In this week’s The New Yorker Radio Hour host David Remnick interviews Ms. Dillard. It’s worth a listen, although her description of her decision to retire from writing is melancholic.
A few days ago our daughter Betsy sent us a photo of Ellie Rose leafing through a copy of a magazine. Ellie is fifteen months old, so the photo isn’t really evidence of her precocity, especially since the section she was looking through at the time is filled with ads for graduate schools and seminaries. But it did start me thinking about forms of communication, and especially about communication that makes use of words.
Wendell Berry is a writer to whom I return with fair regularity. He writes essays, poetry, and fiction. He is a farmer and a prophet. I had read The Unsettling of America twice and now I’ve read A World Lost twice, along with some of his other novels, poems, and essays that I’ve read once.
There is little in the way of a narrative arc in A World Lost. The narrator is a boy, Andy Catlett, who is ten years old when his uncle and namesake is murdered. He gives descriptions of the murdered uncle, his family and friends, and the places they inhabit. Action and activity are included to provide insight into the characters. Time passes through the course of the book, and there are some chapters that return the reader to an earlier time.
Like much of Wendell Berry’s fiction, A World Lost is set in and around the fictional town of Port William, Kentucky. The territory is almost entirely rural and agrarian, with only a small town and a distant lead mine interrupting the fields and pastures that provide the scenery for this account.
Here are two short passages from A World Lost that are typical of Wendell Berry’s prose. In this first passage the narrator is describing his maternal grandmother. The murdered man was her son and the brother of the narrator’s father.
And so she suffered. She looked upon the human condition, I think, as not satisfactory—unacceptable, notwithstanding that we are in it whether we accept it or not. She was a professed Christian and loved her little weather-boarded church, but I think that it was not easy, and may have been impossible, for her to make peace with our experience of mortality and error, of owning what we cannot correct or save, of losing what we love.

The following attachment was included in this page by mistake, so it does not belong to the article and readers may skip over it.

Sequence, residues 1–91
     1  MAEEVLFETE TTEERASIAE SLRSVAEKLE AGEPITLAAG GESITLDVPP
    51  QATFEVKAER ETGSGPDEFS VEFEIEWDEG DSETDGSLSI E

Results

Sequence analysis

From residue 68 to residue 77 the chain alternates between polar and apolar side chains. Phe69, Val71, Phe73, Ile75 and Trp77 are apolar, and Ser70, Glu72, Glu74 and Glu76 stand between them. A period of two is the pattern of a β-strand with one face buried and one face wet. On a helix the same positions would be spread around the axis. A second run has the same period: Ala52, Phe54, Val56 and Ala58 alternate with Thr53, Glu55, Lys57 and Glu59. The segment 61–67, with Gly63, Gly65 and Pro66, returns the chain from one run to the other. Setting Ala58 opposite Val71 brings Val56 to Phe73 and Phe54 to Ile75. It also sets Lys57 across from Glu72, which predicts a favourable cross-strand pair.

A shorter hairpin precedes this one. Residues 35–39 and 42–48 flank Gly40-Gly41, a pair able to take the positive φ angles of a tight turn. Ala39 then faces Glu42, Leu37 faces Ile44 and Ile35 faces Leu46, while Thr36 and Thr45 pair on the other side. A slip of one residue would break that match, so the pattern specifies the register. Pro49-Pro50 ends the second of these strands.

Some years and some pages later we read this:
The year following my grandmother Catlett’s death, I returned with my wife and baby daughter to live through the summer in the old house. Grandma’s things were still there, put away in their places, just as she had left them, and it fell to me to dispose of them. Because she had known no extravagance in her life, she had saved everything salvageable: string, pieces of cloth, buttons and buckles, canceled checks and notes, bits of paper covered with now-meaningless computations and lists, letters and cards, clippings from newspapers—anything that, within the terms and hopes of her life, had seemed valuable or potentially useful or in some way dear.
It seems fitting that, having read this last paragraph, I would spend some time in the past two days shredding some bits of paper belonging to a relative, ten years in the grave, who had saved and stored many, many pieces of cloth and bits of paper. Any family members who happen across this post will be able to name the relative immediately.
Holidays are approaching, and we will gather with family and friends to enjoy good food, exchange a few tokens of esteem and affection, and share a few stories. Savoring the food, both in preparation and in consumption, is not to be taken lightly. Nor are the tokens that we exchange. More so, though, are the stories and the tellers of those stories. We do well to keep them close, to prize them more than anything material that we might consume or exchange.
I wish all of my readers and their families a peaceful and blessed Thanksgiving and holiday season. Thank you for stopping by. I prize your visits.
I am honored and proud to have my first guest post published by City Green on their blog.